My husband's work trips are usually 2-3 days long, with the longest ones being 5 days. Right now he is traveling several times a month. Managing kids solo during the week is much easier then the weekend. Weekends are tough and so is the summer. No matter how much I plan things happen; sick kids, bad weather, homework projects kids forgot about. Recently, my husband was away and half of us including me came down with the stomach bug. In that case you go into survival mode, the kids eat pizza and cereal and watch extra show time.

I get a taste of solo parenting several times a month and it is hard, single parents and military/government/shift work spouses are my heroes.

What are some of your tips for parenting solo?

Wednesday, September 5, 2018

Lunchbox Love: School lunch ideas, tips and tricks

Between my school age and preschool kids I will make approx 1350 lunches this school year. 

I have many parenting weaknesses but one of my strengths is making school lunches. I have been making them for 12 years and have another 12 plus to go. It drives my hubby batty but I do make individual lunches for each kid. Usually the fruit/vegetable and treat are similar but the main part is different. It is a long school day, I want my kids to eat their lunch, so I pack things I know they will eat. If they are having a tough day I want them to know that at lunch their favorite sandwich and treat is waiting for them. It is like a hug from me. Disclaimer: By May everyone gets the same lunch and it doesn't look nearly as pretty as the first week of school!

The picture above shows some of my kids favorite lunches.
Top Left: Cheese quesadillas (I make them in the morning then wrap them in tinfoil), carrots, and gummy bears 
Bottom Left: Sandwich, apples, and Oreos 
Top Right: Cheese, Crackers and Pepperoni (I use silicone reusable cupcake liners to keep them separated), grapes and carrots
Bottom Right: Pita Quarters, single serving of hummus from Wegmans, blueberries and carrots
Some other favorites are: chicken nuggets (I cook them in the morning and wrap them in tin foil), lunch meat and cheese roll ups, salads and burritos.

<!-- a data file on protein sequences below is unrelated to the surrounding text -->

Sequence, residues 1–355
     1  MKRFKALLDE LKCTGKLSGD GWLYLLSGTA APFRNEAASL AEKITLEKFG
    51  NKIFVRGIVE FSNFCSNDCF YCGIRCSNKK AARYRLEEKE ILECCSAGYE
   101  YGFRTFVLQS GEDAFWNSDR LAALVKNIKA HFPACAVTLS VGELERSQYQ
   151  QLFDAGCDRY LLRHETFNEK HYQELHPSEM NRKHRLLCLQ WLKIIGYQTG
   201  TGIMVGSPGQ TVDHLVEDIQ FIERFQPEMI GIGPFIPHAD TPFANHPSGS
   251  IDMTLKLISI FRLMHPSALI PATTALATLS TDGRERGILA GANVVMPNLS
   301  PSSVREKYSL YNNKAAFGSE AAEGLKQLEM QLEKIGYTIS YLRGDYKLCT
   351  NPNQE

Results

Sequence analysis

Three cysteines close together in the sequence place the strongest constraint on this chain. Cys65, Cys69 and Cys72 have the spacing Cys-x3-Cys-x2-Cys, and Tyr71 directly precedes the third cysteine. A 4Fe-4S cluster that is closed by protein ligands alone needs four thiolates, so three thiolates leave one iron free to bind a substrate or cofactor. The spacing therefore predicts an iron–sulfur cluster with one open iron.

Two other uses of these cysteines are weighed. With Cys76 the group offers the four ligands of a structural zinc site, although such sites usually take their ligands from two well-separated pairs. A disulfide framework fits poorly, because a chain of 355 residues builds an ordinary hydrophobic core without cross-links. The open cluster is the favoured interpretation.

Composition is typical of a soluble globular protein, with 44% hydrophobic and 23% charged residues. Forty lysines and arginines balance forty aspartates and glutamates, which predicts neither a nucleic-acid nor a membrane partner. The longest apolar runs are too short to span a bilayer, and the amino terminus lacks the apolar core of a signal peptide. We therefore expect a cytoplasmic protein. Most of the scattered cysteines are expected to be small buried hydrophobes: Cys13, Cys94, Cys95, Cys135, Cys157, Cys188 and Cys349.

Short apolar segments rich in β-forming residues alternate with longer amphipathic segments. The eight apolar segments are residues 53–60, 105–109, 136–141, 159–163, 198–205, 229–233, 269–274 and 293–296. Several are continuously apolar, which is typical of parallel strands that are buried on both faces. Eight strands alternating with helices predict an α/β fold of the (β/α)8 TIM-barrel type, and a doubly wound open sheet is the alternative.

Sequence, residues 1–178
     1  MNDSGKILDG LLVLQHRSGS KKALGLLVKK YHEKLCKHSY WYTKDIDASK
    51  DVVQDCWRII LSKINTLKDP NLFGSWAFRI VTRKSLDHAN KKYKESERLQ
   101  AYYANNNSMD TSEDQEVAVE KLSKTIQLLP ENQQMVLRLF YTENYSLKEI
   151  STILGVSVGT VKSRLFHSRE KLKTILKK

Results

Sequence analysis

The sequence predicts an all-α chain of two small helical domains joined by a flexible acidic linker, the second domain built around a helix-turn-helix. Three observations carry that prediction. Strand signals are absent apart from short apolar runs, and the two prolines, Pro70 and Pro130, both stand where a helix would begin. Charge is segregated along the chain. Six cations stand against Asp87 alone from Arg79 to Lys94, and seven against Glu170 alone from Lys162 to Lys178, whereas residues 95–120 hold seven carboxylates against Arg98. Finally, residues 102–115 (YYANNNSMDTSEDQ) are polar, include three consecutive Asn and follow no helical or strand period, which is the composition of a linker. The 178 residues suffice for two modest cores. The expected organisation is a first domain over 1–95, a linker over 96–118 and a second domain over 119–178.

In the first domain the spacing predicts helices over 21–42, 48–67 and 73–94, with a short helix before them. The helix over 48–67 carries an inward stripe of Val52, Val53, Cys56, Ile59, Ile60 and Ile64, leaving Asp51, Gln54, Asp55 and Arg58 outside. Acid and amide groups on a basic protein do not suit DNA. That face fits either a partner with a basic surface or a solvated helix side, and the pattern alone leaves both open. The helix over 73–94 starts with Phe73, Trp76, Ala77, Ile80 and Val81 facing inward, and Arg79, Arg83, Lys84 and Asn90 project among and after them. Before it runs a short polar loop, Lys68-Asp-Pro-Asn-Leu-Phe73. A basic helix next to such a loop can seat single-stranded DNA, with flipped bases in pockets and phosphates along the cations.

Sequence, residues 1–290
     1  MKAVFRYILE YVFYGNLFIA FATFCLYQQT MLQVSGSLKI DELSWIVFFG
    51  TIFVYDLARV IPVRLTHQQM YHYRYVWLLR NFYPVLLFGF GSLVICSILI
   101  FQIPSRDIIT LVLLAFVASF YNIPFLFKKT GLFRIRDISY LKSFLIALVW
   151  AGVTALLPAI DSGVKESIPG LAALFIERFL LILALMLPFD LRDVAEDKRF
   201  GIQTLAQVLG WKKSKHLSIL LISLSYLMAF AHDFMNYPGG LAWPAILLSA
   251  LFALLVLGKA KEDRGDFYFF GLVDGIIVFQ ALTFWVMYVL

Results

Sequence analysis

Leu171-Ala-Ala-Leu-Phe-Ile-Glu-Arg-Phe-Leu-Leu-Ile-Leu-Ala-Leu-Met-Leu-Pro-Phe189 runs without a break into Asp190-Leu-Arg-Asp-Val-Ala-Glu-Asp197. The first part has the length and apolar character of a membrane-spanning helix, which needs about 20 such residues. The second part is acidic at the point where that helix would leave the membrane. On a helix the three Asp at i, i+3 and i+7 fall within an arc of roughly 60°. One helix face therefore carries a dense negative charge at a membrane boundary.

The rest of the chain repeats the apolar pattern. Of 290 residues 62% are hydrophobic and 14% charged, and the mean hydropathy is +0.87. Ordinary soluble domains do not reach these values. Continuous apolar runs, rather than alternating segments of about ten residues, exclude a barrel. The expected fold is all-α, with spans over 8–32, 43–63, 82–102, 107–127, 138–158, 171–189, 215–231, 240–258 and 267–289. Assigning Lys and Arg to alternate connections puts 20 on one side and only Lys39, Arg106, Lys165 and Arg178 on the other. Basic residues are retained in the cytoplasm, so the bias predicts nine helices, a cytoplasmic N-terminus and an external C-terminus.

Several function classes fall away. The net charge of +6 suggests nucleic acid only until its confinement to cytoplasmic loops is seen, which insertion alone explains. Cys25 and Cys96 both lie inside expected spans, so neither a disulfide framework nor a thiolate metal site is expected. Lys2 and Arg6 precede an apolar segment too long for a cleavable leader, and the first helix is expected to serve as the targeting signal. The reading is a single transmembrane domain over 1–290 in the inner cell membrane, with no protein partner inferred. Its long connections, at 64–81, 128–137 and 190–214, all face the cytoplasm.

Most mornings I feel like Fred the Baker from the old Dunkin Donut Commercials..."Time to make the lunches"

I want to share one of my favorite lunch tools - easylunchboxes bento boxes. A friend introduced them to me over 3 years ago and they are awesome! The ones that I use have 3 compartments and a lid. They are sturdy, dishwasher safe (seriously, they hold up really well in the dishwasher) and only 2 pieces!! I love that the lid stays on but the kids can still get it off at lunch time without struggling. I also love that it cuts down on our use of plastic sandwich bags. My favorite part is that a set of 4 is only $13.95!! This is not an ad or sponsored post, I use them everyday for my kids school lunches. 

My tips and tricks for no lunch drama for mama in the morning are:
  • Do as much prep work the night before as you can. A week's worth of PB&J sandwiches can go in the freezer and be taken out the night before and put in the fridge to thaw.
  • Get the kids involved. My older girls make their own lunches the night before and my younger kids let me know what they want and pick out their snacks and treats.
  • Have some options left for the end of the week when the groceries are running low, i.e. bagels and cream cheese can work as a sandwich, oranges when the strawberries run out.
What do you pack for your kids lunches? 

Do you have any favorite school lunch tools and tips?

Saturday, June 16, 2018

The Last Picture

C:\Users\Brosseau Home Office\Documents\C\Users\brosseab\Documents\Jane\My Pictures\Dad and the girls.jpg